Project Manager - "Arte de la Finca"
After the announcement of our topic, we had about four short months to prepare for the trip and the project. In our first meeting, I was chosen by my peers to be the project manager for this trip. It was then my role to assign duties and positions to the other team members and begin the researching process. In the months leading up to the trip, I organized and led meetings that not only discussed the content and scope of our project, but also touched on general information about Cuba and traveling there safely.
Because my team was not given the task to rebrand or promote an organization, we had a lot of creative freedom in terms of the visual style of our project. This gave us the opportunity to create our own name and logo for the project. With the approval of my team, I came up with the name “Arte de la Finca”, or “Art of the Farm”, because it best encapsulates the two main passions of our client. I also worked with our Creative Director to come up with a logo and typeface that we felt best embodied the sights and feel of Cuban art and agriculture. This logo was used to be printed on buttons and stickers, however a different version of the logo with text that is more legible was generated for the website.
During the trip, I organized the team with checklists for each day that kept everyone on task. Time was valuable during this trip, especially considering how we only had four days to capture photographs, video content, and interviews with our client. After each day on the farm, I would lead meetings where we would backup content, discuss what went well that day, and prepare for the next day. These meetings are where I gauged the team’s thoughts and attitudes towards the project and determined what else needed to be done.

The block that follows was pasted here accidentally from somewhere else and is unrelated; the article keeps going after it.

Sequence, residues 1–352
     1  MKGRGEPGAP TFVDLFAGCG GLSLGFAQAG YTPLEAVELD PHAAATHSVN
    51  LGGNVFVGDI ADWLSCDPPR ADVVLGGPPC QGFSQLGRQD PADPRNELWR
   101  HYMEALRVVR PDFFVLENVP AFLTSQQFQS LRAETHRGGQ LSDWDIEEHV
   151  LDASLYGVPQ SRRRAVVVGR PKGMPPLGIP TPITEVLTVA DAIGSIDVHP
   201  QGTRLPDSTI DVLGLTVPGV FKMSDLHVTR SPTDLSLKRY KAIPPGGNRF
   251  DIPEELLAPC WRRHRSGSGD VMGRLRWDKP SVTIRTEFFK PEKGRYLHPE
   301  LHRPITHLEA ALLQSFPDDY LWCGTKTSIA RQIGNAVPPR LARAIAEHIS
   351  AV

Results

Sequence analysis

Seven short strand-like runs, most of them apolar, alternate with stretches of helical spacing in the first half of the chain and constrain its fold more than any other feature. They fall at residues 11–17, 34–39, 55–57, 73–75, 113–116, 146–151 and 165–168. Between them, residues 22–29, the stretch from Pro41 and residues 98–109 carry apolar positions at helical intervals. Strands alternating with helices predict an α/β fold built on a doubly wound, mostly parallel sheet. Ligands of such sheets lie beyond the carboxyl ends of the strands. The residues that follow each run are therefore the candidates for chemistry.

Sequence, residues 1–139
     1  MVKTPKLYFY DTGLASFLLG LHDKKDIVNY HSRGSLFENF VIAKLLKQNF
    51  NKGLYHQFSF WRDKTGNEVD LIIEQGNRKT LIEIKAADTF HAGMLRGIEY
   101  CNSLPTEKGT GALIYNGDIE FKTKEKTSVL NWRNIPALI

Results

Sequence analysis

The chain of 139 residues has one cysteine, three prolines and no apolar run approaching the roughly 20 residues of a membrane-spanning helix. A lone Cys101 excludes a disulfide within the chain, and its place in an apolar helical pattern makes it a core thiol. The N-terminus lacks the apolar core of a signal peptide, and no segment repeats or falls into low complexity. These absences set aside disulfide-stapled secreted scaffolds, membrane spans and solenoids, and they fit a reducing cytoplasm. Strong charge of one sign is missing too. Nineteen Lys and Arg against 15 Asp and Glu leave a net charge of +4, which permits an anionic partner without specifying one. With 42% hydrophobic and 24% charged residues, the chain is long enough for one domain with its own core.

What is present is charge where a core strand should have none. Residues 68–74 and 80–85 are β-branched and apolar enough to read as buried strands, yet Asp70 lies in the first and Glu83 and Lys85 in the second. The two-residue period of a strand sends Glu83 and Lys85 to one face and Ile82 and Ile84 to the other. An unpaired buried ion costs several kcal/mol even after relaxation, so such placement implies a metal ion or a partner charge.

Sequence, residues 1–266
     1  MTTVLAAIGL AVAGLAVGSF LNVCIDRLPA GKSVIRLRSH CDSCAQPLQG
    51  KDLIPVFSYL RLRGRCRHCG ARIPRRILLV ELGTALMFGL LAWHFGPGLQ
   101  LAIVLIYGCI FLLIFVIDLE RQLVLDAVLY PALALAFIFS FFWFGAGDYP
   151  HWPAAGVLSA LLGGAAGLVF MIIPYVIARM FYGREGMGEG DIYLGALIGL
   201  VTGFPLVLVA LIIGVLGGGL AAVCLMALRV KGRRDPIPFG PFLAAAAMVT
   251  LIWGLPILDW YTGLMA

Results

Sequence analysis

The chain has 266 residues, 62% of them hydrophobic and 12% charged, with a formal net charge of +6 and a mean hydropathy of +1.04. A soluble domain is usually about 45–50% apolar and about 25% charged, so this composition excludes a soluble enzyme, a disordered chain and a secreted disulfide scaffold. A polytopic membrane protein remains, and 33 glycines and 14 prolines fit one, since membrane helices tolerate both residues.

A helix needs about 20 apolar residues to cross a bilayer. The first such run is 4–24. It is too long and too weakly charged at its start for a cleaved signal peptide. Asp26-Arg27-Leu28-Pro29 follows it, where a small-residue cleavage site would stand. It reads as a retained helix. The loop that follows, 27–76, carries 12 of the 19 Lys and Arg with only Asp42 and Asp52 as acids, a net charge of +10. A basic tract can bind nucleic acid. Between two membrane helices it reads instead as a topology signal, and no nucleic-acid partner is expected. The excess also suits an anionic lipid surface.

The days on the farm collecting content were busy and laborious. As the project manager, I also assumed the role of producer for each interview. I worked closely with the videographers to ensure exposure, framing, and audio levels were adequate. Additionally, I conducted each interview with the help of a translator. Although we had carefully planned what questions to ask in order to best tell Héctor’s story, these interviews turned out to be more difficult than I had anticipated. The language barrier proved to be a daily hurdle that we had to overcome, but it was an experience that I will never forget.
Upon returning to the States, we had one day of rest before starting the post-production process. I took this time to put together a schedule for the rest of the month. We had only two short weeks to create an entire interactive website with video interviews, photographs, and graphics. To do this, I scheduled everything in a content calendar through Asana’s project management software. By breaking the two weeks into three phases, I was able to give each team member responsibilities and deadlines. At the end of each phase, I would hold meetings to ensure that each member of team is aware of how far along each piece of the project is at every point. These meetings also gave me the opportunity to assess what areas of the project will need more of my help and my time.
The project manager role allowed me to put my experience in each aspect of digital media into good use. Whether it was creating graphics and animations, producing video content, editing audio clips, prototyping web designs, capturing photographs, or writing body copy, I was able to oversee and guide each team member with their responsibilities. I found that one of the most important skills a project manager can have is the ability to work with many different personalities and methods of communication. During this project I found that each person responds to criticism and guidance in different ways. By being careful with how closely I monitored each aspect of the project, I was able to help deliver a product that we were all proud of without micromanaging any step of the process.